Is the Lord’s Supper a Feast?
C. H. Stacey, Sidcup
As we come together to break bread, the great thought is the giving of thanks at the remembrance of Christ, and to take the bread and the cup, thereby proclaiming the Lord's death, till He come.
We come together as those desiring to bring our peace offerings, sacrifices of thanksgivings, for the peace offering speaks of communion and the thanksgiving and praise flowing naturally from it. These offerings, under law, were for the Lord Himself, but as the Lord was given His portion, so provision was made for the food of the priesthood, for they had their allotted portion, the wave breast and the heave shoulder. The more that was presented to the Lord, the better was the priesthood fed and nourished.
The Lord's Supper is never called a feast in scripture, for a very good reason. We meet for thanksgiving at the remembrance of the Lord Jesus, not primarily to feast ourselves. Yet in so meeting, we are fed as the priesthood of old.
In recent years, some have expressed concern at the lack of suitable spiritual food for the saints, when gathered to break bread. But the supper, properly kept, provides soul nourishment of a unique kind. As the Lord is rendered His due and spiritual sacrifices of thanksgiving and praise are offered from devoted hearts there is ministered continually what corresponds to the wave breast and heave shoulder.
What does the wave breast and heave shoulder speak of ? No action of God's strength is disconnected from His counsels of mercy and grace towards the saints, and the association of the wave breast and the heave shoulder in the peace offerings reminds us of this, His counsels of love and the exercise of His almighty power, linked together. And as sacrifices of thanksgiving are rendered at the supper, we have before us the breast waved - precious impressions of Divine love viewed from every side, and the heave shoulder, — that Divine power supremely demonstrated in the Resurrection at Christ. Rich priestly food! Paul utters two prayers in Ephesians, and we have the "heave shoulder" prayer in Ch. 1. 15-23 addressed to the God of our Lord Jesus Christ, concerning the exercise of His power, and the "wave breast" prayer in chapter 3. 14-21, addressed to the Father concerning love, especially the love of Christ.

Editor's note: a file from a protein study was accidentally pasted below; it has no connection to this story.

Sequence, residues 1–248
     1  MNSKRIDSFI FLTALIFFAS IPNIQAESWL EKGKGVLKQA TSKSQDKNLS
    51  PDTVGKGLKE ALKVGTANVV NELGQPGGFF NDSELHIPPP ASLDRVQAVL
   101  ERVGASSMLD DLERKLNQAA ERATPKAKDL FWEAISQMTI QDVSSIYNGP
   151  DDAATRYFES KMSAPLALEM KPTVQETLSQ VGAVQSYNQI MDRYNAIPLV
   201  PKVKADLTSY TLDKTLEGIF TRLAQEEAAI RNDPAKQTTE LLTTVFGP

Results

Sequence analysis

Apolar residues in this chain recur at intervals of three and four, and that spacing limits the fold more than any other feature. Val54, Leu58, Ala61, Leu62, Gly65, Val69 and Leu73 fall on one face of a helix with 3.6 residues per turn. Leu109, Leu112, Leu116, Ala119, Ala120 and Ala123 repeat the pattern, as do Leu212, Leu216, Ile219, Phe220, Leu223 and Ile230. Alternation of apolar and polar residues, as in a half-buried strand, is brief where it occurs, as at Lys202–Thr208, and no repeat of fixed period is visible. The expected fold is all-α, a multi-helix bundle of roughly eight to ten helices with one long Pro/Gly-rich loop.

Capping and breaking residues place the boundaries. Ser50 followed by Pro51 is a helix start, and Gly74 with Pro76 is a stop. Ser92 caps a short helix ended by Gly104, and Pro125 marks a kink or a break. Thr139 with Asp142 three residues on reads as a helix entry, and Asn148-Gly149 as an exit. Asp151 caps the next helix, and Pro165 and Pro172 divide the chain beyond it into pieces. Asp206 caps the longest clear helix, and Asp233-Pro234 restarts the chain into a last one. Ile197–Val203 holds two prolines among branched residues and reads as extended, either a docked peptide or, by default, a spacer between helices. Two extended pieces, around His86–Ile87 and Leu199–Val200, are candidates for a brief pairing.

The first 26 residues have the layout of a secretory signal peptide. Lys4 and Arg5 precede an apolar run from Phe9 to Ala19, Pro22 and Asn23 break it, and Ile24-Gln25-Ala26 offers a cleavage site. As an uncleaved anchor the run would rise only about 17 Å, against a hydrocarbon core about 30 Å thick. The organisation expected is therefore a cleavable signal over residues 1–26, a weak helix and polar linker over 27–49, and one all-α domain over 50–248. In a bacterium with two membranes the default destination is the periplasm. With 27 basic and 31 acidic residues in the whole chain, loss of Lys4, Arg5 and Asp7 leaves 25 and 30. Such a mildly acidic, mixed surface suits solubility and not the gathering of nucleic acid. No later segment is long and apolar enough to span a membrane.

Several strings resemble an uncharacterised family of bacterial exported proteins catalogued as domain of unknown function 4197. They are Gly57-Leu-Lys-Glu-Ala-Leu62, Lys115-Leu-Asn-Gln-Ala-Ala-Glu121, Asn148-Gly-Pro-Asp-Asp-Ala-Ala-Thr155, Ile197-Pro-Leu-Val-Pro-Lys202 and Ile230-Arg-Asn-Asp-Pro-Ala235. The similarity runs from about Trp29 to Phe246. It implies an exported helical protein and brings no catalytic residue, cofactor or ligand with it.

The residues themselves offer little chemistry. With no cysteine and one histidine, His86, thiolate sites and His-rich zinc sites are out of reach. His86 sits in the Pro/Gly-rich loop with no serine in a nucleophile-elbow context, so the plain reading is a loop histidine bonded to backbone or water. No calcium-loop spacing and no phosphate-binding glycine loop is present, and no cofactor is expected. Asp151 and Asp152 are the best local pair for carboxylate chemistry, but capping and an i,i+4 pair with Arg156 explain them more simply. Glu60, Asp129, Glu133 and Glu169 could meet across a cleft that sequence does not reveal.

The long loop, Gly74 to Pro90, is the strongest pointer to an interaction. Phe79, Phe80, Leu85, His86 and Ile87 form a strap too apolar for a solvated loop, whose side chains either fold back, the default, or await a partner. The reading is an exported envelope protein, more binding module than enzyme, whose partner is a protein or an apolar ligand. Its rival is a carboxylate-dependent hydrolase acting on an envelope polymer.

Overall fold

For an Israelite on such an occasion to have brought food for the priest only would not have been in order, for thereby Jehovah would have been denied His portion. And if we think primarily of our brethren when coming together to break bread, the purpose of our gathering will not be fully realised.
At the prayer meeting, we meet for "supplications, prayers, intercessions and giving of thanks for all men." At the ministry meeting, or bible reading, we have suitable doctrine, correction or instruction in righteousness. At the supper, heeding that last request "This do ....", we shall, above all else, gather to give thanks, (as He did) and nothing must be allowed to take thanksgiving and the handling of the emblems from the prominent position assigned to them by the Lord Himself.
It is to be feared that in some places, lack of exercise on the part of brethren encourages others to adopt expedients to make up for the deficiency in thanksgiving, e.g. excessive hymn singing. It would be well for brethren to show their subjection to the Lord by being available for thanksgiving and readily as the sisters show their subjection by submitting to silence in assembly. We must not think lightly of our high privilege of addressing to God our praises and thanksgivings at the remembrance of Christ, or be guilty of substituting words to our brethren in place of thanksgiving to the Lord.
Happy is the company where spiritual exercise is shared by all, and every brother is available for the Spirit's use, according to his measure. Where there is real exercise along these lines, the spirit of worship is so true and deep and altogether blessed that no alternative would be considered an improvement.
He gave thanks … He took bread … He took the cup.